In some countries counselling, accommodation and specialist care exists to help trafficked people escape. In other countries, this support is lacking and individuals are often treated as illegal immigrants and deported.

Child prostitutes[change | change source]

One of the big problems is that of child prostitution. Most prostitution happens between adults, but many prostitutes are children. This means that people caught with these prostitutes may also face charges of having sex with a child. In most countries, prostitutes do need to be of a certain age, which is usually higher than the age of consent. Usually, having sex with a child is punished harshly.

Certain people travel to other countries to have sex with children, which is forbidden where they live. Many countries have changed their laws so they also apply outside their territory. The crime is usually not discovered, so these laws are rarely enforced.[13][14][15]

Related pages[change | change source]

References[change | change source]

  1. Jones, Gavin W., Endang Sulistyaningsih, and Terence H. Hull. "Prostitution in Indonesia." (1995).
  2. Taylor, Jacqueline Sánchez. "Tourism and ‘embodied’commodities: sex tourism in the Caribbean." Tourism and sex: Culture, commerce and coercion (2000): 41-53.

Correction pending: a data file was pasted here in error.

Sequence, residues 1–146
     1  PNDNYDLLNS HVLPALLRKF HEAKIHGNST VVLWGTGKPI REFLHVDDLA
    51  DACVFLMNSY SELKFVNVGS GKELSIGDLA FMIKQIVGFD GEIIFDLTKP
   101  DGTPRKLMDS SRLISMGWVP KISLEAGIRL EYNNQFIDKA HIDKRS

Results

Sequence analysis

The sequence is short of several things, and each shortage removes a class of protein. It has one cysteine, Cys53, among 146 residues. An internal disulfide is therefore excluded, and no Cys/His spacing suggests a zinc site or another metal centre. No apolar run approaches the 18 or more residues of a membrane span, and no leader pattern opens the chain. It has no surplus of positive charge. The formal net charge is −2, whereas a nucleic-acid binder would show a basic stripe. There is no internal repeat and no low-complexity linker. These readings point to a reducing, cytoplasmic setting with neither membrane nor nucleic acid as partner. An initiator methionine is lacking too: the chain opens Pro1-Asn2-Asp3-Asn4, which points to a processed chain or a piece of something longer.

3. Engler, Kim, et al. "Explaining the presence of “heterosexual” female clients of a rapid HIV testing site located in the gay village of Montreal, Quebec." Journal of primary care & community health 7.2 (2016): 122-129.
  4. Eyre, Stephen L., et al. "2. A Study of Vernacular Partner Terms: Possible Cultural Cues to Condom use." Journal of Adolescent Health 50.2 (2012): S7.
  5. Not all escort agencies supply prostitutes.
  6. Mackenzie, Robin. "Sexbots: replacements for sex workers? Ethical constraints on the design of sentient beings for utilitarian purposes." Proceedings of the 2014 Workshops on Advances in Computer Entertainment Conference. ACM, 2014.
  7. "Trafficking". Antislavery.org. Archived from the original on 2007-08-11. Retrieved 2007-07-27.
  8. "Responding to Modern-Day Slavery". 2006-10-20. Archived from the original on 2006-11-30. Retrieved 2009-05-08.
  9. [1] Archived 2014-07-01 at the Wayback Machine "Lost Daughters - An Ongoing Tragedy in Nepal," Women News Network - WNN, Dec 05, 2008
  10. "ECPAT-USA".
  11. Poston, Dudley L., and Karen S. Glover. "Too many males: Marriage market implications of gender imbalances in China." Genus (2005): 119-140.
  12. "A global alliance against forced labour", ILO, 11 May 2005
  13. "Teenage prostitution case shocks China". BBC News online.
  14. "Portugal abuse hearings halted". BBC News online.
  15. "UN damns Czech-German child sex". BBC News online.